Our author, Peter, was expecting the imminent return of Jesus, Christus Victor, striding as it were across the heavens to set history to rights. Perhaps, despite those pundits who have decided that next Sunday is to be the day of the Second Coming (!), we are less likely to see the parousia and the end of time in these terms. We are called to live our lives in the shadow of judgement, but to place our lives before God, to be the subject of that judgment, rather than expecting the wrath of God to fall on those whose lifestyles differ to our own.

As the gay, lesbian and transgender marchers of Adelaide encountered their Christian antagonists, they were confronted by declarations of God’s hatred. As one of the marchers, Uniting Church Minister Sue Wickham said, any placard beginning with the words “God hates …” is unlikely to have been written in the Spirit of Christ.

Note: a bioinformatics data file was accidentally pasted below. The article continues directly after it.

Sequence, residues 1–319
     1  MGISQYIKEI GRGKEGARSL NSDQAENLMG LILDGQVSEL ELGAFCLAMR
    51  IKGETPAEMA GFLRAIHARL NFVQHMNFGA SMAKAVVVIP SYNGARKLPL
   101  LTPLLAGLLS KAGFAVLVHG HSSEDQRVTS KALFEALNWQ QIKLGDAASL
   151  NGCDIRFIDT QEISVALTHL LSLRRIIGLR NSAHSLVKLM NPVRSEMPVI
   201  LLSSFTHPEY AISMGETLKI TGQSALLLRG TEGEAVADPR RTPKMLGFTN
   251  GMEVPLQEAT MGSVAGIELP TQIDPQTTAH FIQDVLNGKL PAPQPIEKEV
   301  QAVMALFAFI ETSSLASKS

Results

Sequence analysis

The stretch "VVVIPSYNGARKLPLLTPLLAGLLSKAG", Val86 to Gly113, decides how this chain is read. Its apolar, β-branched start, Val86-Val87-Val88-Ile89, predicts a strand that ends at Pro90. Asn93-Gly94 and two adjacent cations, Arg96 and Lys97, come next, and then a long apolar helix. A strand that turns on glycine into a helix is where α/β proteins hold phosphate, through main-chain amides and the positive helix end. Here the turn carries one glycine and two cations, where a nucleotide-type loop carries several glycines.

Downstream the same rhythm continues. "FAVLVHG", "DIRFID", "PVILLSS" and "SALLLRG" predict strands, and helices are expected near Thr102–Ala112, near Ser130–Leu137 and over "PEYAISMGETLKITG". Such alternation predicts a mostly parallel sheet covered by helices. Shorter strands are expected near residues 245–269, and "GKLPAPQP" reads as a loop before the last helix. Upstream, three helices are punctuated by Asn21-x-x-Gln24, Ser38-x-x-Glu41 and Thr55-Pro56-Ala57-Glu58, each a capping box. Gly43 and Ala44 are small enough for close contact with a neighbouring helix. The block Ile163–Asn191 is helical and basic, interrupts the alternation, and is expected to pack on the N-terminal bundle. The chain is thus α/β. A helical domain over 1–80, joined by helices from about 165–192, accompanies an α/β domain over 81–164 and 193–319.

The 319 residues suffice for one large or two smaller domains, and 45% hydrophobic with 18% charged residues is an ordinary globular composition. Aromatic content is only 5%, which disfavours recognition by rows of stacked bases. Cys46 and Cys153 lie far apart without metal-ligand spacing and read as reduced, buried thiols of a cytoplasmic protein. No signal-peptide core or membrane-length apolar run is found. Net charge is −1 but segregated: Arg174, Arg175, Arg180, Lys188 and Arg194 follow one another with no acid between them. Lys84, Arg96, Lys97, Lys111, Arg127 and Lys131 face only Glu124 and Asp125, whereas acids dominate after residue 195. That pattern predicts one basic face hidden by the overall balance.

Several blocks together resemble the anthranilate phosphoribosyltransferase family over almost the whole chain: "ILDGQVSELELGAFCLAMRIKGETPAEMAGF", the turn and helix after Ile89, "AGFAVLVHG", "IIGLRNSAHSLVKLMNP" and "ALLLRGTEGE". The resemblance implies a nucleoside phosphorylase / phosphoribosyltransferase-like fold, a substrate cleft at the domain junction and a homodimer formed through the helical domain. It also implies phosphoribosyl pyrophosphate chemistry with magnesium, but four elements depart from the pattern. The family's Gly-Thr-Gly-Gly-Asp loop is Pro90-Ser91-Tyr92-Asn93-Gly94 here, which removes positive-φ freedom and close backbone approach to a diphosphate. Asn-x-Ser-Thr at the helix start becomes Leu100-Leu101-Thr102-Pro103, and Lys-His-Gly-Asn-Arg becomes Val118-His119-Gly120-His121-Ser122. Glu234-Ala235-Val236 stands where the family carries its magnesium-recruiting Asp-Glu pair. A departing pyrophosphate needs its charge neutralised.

Peter’s expectation of the imminent triumph of God and end of history gave him a sort of anti-revolutionary perspective, cajoling slaves and wives and others to remain acquiescent in their social place. By and large I do not believe in revolutionary interpretations of the Gospel, those proclaimed by the more radical liberation theologies: political triumphs tend to breed new forms of political oppression or neglect, as the Egyptian populace may currently be discovering: with the tyrannies of Mubarak gone, they are faced with the realization that military rule is no utopia either. Instead I believe we are called to revolutionise our own lives so that we stand out, even if at great personal cost, in contrast to anti-divine standards and practices in our world: die to sin and live to righteousness. This, as the charismatic movement of the 1960s, ’70s and early ’80s reminded us, is something we cannot do in our own strength, but only in the strength of the Spirit of God. It is arguably much harder than the grind of overthrowing governments, though perhaps I say that only because I would probably never be brave enough to stand in protest against an armed Syrian government. I thank God I get a chance to overthrow governments peacefully every few years, though I often lament the detail that those who control and manipulate the media and therefore popular perspectives will not always lean address the concerns of the social underdogs.